If the remedial action to be taken to “adjust” imports falls under a broad grant the object of that action—national security—also admits of a broad definition. Congress has provided some metrics for the definition, including without limitation
  • domestic production needed for projected national defense requirements
  • capacity of domestic industries to meet such requirements
  • existing and anticipated availabilities of resources (HR, products, raw materials, other supplies and services)
  • requirements of growth in such industries and such supplies and services
  • effect of imports on such industries
  • capacity of the US to met national security requirements.9
There have been many actions taken under this authority, principally in the context of oil imports.10 It is fair to say that the importation of articles in almost any product sector could have a national security implication. That imports of steel, automobiles, airplanes and machine tools have national security repercussions is obvious. However, even such mundane items as footwear and clothing could the same effect, to the extent that the US might not be able to be self-sustaining in its ability to equip its military.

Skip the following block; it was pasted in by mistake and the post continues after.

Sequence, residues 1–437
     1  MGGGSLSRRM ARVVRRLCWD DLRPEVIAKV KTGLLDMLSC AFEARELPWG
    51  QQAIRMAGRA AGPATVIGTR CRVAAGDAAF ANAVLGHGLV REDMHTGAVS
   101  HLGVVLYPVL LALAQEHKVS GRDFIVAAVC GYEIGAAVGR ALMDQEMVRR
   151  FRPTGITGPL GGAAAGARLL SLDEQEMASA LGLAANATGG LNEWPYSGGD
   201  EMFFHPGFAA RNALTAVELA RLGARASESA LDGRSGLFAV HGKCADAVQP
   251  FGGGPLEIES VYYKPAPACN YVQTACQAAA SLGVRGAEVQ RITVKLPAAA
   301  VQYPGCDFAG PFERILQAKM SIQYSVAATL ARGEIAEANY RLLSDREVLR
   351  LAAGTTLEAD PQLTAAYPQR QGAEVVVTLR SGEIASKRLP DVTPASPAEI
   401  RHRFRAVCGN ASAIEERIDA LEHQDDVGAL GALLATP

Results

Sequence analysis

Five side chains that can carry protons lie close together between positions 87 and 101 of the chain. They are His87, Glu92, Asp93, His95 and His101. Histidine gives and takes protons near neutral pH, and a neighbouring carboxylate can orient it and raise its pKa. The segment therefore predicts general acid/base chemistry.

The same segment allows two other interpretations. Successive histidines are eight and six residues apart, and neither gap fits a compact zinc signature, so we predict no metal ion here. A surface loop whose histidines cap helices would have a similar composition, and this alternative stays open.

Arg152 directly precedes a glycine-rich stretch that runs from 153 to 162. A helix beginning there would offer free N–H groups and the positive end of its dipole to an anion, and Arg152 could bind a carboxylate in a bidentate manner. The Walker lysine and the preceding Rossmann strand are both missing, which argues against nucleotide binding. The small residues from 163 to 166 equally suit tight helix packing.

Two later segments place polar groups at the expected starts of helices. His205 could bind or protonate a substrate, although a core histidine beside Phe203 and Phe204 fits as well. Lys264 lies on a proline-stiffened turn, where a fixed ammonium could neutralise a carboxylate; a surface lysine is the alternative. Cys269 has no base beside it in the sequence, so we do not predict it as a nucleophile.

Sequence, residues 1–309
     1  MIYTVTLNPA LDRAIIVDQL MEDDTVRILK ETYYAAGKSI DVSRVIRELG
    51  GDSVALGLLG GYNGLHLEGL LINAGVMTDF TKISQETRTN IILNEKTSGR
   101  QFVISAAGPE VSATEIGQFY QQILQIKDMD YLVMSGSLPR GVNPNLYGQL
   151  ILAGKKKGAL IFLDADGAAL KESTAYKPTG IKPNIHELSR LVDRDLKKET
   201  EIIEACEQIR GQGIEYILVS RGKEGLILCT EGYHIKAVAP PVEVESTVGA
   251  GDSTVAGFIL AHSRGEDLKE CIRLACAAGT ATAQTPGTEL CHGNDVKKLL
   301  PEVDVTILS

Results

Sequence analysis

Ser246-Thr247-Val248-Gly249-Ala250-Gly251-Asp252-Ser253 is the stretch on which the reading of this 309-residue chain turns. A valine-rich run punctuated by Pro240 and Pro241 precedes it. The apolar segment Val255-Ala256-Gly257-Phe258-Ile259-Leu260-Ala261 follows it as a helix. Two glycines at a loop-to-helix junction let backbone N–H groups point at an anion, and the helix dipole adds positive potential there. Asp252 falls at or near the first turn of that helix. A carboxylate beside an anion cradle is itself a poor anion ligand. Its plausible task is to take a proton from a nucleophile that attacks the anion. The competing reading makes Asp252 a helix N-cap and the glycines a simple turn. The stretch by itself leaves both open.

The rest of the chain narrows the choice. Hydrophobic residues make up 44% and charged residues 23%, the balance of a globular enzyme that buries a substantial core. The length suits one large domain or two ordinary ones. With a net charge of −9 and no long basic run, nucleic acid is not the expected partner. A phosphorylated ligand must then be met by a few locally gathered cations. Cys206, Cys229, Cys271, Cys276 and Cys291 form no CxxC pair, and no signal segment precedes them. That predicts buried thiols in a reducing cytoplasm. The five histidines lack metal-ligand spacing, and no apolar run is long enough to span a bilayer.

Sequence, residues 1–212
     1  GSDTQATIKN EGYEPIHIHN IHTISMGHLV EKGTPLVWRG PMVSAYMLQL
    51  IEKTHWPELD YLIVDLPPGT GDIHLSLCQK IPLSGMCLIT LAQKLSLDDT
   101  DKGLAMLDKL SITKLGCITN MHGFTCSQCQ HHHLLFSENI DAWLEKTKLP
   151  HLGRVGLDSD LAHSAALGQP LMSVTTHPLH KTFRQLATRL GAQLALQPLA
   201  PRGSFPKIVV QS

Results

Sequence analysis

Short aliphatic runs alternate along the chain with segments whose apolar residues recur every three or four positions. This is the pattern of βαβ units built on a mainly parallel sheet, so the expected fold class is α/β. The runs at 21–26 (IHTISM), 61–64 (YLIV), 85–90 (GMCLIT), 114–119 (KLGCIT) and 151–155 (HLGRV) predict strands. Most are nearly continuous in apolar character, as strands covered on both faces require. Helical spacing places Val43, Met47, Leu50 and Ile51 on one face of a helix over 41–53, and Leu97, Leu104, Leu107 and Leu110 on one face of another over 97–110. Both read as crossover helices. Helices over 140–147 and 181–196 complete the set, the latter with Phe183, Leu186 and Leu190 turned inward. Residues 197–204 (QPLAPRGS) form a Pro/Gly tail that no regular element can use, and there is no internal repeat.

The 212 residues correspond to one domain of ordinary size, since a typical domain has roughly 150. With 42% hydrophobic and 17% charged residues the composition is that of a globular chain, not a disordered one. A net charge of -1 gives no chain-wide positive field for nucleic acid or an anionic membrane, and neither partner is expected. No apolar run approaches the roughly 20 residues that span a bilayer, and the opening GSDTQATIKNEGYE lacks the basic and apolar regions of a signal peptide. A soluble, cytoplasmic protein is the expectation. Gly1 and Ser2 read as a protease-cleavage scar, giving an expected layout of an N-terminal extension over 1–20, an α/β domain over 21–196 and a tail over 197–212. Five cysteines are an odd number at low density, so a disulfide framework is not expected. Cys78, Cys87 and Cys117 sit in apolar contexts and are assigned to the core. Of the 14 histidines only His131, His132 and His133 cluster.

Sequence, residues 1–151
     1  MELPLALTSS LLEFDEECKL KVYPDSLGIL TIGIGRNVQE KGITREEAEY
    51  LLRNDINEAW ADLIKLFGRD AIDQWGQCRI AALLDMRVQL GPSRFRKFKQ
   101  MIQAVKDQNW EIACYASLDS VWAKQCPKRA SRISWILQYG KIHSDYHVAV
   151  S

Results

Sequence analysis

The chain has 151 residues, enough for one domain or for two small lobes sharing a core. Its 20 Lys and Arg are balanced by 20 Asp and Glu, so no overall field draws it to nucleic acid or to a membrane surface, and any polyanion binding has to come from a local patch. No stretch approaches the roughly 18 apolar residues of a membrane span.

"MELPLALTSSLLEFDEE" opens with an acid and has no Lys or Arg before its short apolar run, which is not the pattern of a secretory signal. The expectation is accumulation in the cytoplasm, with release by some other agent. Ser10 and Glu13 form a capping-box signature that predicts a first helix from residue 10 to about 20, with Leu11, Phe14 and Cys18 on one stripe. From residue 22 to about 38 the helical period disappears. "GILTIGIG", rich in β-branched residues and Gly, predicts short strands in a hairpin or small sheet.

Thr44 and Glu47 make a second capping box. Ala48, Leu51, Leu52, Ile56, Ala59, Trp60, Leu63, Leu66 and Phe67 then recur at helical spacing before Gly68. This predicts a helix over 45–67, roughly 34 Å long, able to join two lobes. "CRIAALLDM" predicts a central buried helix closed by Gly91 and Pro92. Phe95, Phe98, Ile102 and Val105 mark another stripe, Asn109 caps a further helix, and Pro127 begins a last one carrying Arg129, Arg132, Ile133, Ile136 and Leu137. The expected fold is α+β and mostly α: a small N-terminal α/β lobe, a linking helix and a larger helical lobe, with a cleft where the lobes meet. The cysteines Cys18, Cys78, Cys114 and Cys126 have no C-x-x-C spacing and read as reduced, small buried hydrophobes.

International Order

The GATT, at Art. XXI, expressly provides for action taken by signatories that it considers necessary for the protection of its essential interests. The provision first focuses upon fissionable materials and arms, ammunition and implements of war, but then spreads its coverage to “such traffic in other goods and materials as is carried on directly or indirectly for the purpose of supplying a military establishment.”

This exception has been the subject of only a few discussions at the GATT or its WTO successor. Notably, in 1975, Sweden had imposed a global quota on footwear, invoking this authority. Many countries reserved their rights, and Sweden offered to consult but actually withdrew the measure in 1977 before any formal proceedings ensued further. The US trade embargo Cuba was defended at the GATT by reference to Art. XXI.11

There is also a national security exception that is embedded in the various free trade agreements (FTAs) entered into by the US. For example, Art. 23.2 of the Korea-US FTA provides for an “essential security” exception, with the similar exception set forth in Art.
21.1 of the US/Morocco FTA.12


Within the wide scope of the discretionary authority of Section 1862, we have referred to a removal of imported articles from eligibility for GSP. Not surprisingly, the GSP provision itself provides specifically for such action.13

Foreign Investment into US

Quite apart from actions taken to adjust imports into the US, Congress has also been concerned about the national security implications of investments in the US, with the result that ownership or control over key industries or access to natural resources would pass to foreign interests. Recall here the controversy that surfaced in the recently concluded presidential campaign over Russia gaining control over uranium. Recall, too, the earlier 2006 controversy over acquisition of six major US port operations by Dubai interests.